Tuesday, 13 April 2010

The decline of the Degree as an academic qualification?

The news that more than half the applicants accepted onto places at British universities do not have A-levels [Sunday Times 11/04/2010] is yet another symptom of a most worrying trend in British education - the erosion of academic excellence. There was a time, not so long ago, when a degree meant something - it marked out a certain level of academic achievement, but no more.

Whilst the headline figure is rather more sensational than the underlying statistics allow - few would question the academic rigour of Scottish Highers and the International Baccalaureate - the blurring of the vocational and academic divide is unwelcome. Don't get me wrong, I support fully that there is a vocational structure of BTEC and National Diploma that runs in parallel to the academic structure of A-levels, IB, Pre-U et al. What I what is a transparent qualification system and not one where vocational courses in "universities" are given the cloak of academic respectability by being awarded the status of a degree.

The nature of vocational qualifications at KS5 is that they do not provide the academic foundation to progress onto academic degrees, and thus it is unsurprising that the vast majority of students accepted onto courses at top universities, such as the Russell Group, are still doing A-level [IB is still accounts for a very small proportion of applicants]. It is thus a travesty that many Maintained sector schools are abandoning academic qualifications at KS5 in order to improve their league table positions. However what is clear is that it falls to Independent Schools and the top universities to be the guardians of the Nation's academic standards.

One unintended consequence of this Government's higher education policy increasing the number of those participating in Higher Education has been to make where one is educated more important than ever before.


  1. Mark, to a certain extent I agree. Degree's form an excellent academic proving ground for students once they moved on from high school. However not all students leaving secondary school (even in the independent sector) have the ability to handle a full academic degree but could still benefit themselves from going to university. Vocational degrees therefore become a much better option path for these students. Even though they will not be getting a full academic degree their experience of going to university and gaining a relevant qualification will mean they will leave as a rounded educated individual ready to contribute to society.

  2. Brian, thanks for this. I have no problem with [young] people having a 'student experience' - my issue is with the nature of qualifications. My primary concern is that there is transparency for employers. I can't see what was wrong with the three tier system that existed previously with Universities, Polytechnics and Colleges of Higher Education. It was transparent and we all knew where we stood. If all must go to 'university' perhaps vocational 'graduates' should be awarded a BVoc, rather than a BA or a BSc.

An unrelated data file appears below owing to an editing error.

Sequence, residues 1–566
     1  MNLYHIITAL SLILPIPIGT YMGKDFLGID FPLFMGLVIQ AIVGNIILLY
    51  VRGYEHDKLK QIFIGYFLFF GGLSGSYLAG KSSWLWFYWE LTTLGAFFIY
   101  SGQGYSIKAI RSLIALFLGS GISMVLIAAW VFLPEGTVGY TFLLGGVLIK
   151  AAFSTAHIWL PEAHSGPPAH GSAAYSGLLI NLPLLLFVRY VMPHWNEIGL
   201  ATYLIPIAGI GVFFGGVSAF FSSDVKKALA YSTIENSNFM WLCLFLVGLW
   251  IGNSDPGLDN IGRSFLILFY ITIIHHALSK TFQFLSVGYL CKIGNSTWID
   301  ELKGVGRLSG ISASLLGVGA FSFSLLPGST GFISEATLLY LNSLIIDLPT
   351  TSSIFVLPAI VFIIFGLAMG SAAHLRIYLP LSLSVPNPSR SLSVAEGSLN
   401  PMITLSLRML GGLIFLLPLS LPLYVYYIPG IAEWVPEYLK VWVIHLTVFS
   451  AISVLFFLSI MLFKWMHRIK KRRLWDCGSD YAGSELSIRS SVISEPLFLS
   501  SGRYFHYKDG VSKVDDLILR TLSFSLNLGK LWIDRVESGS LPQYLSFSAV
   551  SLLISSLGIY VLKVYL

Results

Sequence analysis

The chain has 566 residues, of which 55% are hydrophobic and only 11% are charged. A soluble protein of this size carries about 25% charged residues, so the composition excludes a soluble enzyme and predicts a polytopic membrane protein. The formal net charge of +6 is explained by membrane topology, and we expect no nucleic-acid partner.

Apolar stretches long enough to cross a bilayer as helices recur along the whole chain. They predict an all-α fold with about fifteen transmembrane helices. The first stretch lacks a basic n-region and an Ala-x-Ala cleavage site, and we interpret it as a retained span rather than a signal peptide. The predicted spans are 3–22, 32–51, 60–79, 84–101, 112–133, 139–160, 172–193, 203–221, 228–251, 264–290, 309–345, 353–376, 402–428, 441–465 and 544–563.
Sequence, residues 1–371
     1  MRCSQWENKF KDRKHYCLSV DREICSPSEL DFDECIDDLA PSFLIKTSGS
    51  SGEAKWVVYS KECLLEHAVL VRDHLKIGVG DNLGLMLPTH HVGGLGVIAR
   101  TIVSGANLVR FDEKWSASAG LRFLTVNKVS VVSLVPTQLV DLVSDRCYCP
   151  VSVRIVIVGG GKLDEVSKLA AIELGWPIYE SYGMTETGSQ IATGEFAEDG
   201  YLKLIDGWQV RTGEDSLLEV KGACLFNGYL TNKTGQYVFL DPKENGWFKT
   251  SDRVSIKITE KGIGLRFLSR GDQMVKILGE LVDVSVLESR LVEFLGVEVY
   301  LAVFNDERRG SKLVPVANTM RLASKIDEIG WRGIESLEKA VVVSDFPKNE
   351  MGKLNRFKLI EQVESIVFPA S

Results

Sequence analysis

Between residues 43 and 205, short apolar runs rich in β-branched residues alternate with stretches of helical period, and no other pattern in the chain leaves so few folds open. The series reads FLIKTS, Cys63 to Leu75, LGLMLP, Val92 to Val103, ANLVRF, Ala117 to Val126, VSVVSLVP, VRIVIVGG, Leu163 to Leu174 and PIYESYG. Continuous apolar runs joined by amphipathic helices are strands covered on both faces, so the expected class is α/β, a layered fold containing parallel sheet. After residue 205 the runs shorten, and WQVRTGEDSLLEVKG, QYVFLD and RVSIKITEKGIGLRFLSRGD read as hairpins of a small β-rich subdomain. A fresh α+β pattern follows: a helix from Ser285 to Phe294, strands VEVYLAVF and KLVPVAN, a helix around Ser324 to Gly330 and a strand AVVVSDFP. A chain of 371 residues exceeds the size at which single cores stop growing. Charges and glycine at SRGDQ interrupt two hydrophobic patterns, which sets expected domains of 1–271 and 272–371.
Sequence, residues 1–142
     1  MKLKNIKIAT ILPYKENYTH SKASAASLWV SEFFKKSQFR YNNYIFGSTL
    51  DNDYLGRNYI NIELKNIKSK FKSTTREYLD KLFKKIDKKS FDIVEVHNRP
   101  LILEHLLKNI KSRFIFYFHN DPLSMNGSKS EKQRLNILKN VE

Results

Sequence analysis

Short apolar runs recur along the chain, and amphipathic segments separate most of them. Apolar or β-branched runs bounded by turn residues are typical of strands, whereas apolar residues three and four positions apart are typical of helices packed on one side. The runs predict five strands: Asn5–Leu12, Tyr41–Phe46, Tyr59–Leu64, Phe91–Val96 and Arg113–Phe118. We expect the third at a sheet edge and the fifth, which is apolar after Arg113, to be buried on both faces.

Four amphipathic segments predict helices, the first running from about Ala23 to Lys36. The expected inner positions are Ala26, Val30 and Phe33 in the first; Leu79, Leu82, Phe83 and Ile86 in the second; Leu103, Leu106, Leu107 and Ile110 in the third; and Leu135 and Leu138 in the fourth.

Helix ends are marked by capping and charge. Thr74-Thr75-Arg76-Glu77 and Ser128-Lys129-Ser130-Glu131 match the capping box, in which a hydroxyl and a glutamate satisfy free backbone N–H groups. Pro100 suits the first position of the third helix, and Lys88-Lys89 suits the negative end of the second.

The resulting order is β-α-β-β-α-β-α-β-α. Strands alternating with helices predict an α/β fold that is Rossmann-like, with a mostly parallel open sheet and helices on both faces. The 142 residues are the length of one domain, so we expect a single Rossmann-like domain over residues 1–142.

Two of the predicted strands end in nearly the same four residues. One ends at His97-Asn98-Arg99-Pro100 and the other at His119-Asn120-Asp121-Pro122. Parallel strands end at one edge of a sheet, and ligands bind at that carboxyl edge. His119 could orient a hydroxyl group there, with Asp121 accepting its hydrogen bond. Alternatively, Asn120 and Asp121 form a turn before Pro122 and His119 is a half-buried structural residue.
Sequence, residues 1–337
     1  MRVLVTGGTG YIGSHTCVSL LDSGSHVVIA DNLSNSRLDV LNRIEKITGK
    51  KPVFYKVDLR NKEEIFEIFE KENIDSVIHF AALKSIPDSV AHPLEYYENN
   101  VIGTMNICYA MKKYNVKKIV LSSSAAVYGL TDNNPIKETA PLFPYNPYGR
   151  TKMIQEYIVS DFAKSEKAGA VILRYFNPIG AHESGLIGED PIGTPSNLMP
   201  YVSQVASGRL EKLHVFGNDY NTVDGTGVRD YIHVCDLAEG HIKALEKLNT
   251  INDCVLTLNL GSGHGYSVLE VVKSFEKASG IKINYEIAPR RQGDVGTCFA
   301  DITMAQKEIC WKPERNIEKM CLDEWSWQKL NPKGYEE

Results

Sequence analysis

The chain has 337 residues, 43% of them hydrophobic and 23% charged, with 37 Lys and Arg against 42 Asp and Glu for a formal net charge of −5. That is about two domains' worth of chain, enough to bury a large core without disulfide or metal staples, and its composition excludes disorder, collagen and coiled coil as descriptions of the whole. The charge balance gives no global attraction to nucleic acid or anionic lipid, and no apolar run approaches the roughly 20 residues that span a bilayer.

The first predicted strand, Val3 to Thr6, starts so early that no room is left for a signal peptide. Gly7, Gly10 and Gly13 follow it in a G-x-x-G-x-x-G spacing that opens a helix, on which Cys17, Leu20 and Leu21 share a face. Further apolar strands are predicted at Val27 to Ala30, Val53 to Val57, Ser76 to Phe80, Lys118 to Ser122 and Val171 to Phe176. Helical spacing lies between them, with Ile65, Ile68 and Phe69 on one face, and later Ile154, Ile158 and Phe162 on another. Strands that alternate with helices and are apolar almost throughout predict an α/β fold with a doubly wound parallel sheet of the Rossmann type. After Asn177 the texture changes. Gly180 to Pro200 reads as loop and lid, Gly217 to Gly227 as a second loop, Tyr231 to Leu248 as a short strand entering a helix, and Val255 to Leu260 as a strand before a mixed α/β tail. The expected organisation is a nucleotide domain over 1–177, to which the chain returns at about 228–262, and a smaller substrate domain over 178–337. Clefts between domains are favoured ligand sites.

Furthermore, I believe that we are in danger of losing our international repuatation for an outstanding University sector, which will happen when the International market finally appreciates the difference in quality of teaching and in status between our 'traditional' [Pre-1990] and our 'new' universities.

  3. The nub of the problem is that we are not sure what higher or post school education is for, ending up in sterile debates about academic versus vocational. Education is for continuous personal development, enabling individuals to develop their intellectual, skill or social capital which they then deploy in their personal or work life. We are locked into a model of personal development that requires a 3 or 4 year residency at a place of learning, often during a period in one's life when developmentally we are not ready to appreciate the intellectual element as much as we do the social. The 3 year university model was relevant when the only way to hear or benefit from the leaders in their field, and to collaborate with others, was to physically be there all the time. Modern digital communication can allow for a far more flexible system, with individuals accessing educational opportunities as they seek to develop their personal, professional or intellectual capital.
    The notion that all pre-1990 universities provide high quality teaching or research, in all of their courses or subjects, is an over-simplification as the university league tables demonstrate.
    Employers now demand, rightly, far more than the academic who has been grinding away in a library for three years (another crude simplification) - they want individuals who are creative, resilient, can work independently and collaboratively, have curiosity, flexibility, or can retrain or be able to acquire new skills as the demands change. Actually many of the qualities that I see demanded in 'vocational courses'.
    Its time to move the debate away from academic v vocational, traditional v new to one of “what is my potential”, “how can I develop it”, “what gives me social, economic or personal capital”.
    Then of course we have the next question…… how do we pay for it?